Saturday evening’s SF Chefs Grand Tasting showcased some of the most innovative chefs in San Francisco and their culinary creations. For those that seek the most memorable of culinary experiences, San Francisco is the nation’s mecca with the highest number of restaurants per capita in the country at 3,588 and growing. According to health department records, there is one restaurant for every 227 residents. This trumps New York City which has one restaurant per every 347 people.
With so many restaurants and so few days in the year (think about it, you could go to a different restaurant for the next 10 years and perhaps have a chance of eating at all of them), the Grand Tasting event at SF Chefs is an incredible way to go speed dating with some of the city’s best.
Taste something you like? Perhaps it warrants a future visit for the complete experience. Surely if it catches your taste buds in the expansive tent at Union Square, with its excited and understandably eager crowds, and amped music, the experience seated would be even more compelling.
I sampled every dish of the evening and here are my top five picks among the very best San Francisco has to offer.
Number 1: Ahi Tuna Parfait, Brick & Bottle
Number 2: Eggplant Caponatina with Burrata, Delarosa
In this segment I witness a battle royale at Union Square and interview all-star SF chefs: Dominique Crenn (Atelier Crenn), Russell Jackson (Lafitte), Chris Cosentino (Incanto) and Elizabeth Falkner (Citizen Cake, Orson).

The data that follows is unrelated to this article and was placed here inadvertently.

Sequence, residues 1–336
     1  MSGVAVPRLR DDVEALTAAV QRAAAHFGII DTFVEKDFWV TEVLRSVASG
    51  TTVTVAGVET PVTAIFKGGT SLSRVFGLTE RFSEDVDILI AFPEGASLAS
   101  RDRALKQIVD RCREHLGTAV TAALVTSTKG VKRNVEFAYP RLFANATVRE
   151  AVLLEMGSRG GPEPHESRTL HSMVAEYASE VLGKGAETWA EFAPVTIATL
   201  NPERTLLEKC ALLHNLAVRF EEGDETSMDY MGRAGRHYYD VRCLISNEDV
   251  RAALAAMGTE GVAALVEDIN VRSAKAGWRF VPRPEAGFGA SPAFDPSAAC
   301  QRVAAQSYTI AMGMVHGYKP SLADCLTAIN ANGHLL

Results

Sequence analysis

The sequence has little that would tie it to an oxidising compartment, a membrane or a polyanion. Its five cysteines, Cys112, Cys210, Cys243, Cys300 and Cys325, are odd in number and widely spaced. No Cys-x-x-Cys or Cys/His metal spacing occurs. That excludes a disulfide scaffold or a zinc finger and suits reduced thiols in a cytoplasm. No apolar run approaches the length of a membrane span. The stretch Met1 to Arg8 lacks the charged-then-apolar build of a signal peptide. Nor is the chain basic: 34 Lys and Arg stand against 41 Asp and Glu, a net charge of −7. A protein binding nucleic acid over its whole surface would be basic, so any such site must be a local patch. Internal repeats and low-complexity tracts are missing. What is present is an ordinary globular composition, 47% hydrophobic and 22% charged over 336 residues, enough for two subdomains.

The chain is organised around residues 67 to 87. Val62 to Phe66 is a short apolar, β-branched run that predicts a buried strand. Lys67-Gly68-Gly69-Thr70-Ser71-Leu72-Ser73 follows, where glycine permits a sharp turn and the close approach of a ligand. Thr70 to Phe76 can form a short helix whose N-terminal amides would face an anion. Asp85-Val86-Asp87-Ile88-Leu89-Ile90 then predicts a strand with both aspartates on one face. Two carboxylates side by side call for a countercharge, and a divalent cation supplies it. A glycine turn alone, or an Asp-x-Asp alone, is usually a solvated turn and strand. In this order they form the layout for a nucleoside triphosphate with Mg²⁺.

Number 3: Pork Rillette, Seasons
Number 4: Tartare of Lamb and Sea Bass, The Taverne at Lark Creek
Number 5: Bittersweet Blackberry Lavender Chocolate Cake, The Moss Room
I enjoyed many of the other dishes. If there was point for improvement or criticism, I would say to chefs, “Watch the salt!” There were a couple of times during the evening when I would look at a wonderfully plated dish, anticipate as I bit into it the richness of crab meat or the subtle complexities of a creation crafted with a multitude of ingredients, only to be hit with what I’ve now labelled as the “salt bomb.” It is what the “fruit bomb” is to wine.
How do you know when there is too much salt? As an avid eater and taster, for me, it is when the salt stops enhancing the flavors of the other ingredients and becomes the prima donna. Unless we are at a salt bar, this should never be the case.
Otherwise, a spectacular evening. I am always amazed that behind the glitz of such an event, the amount of focus, precision and stamina chefs and their teams must have to pull off such an event.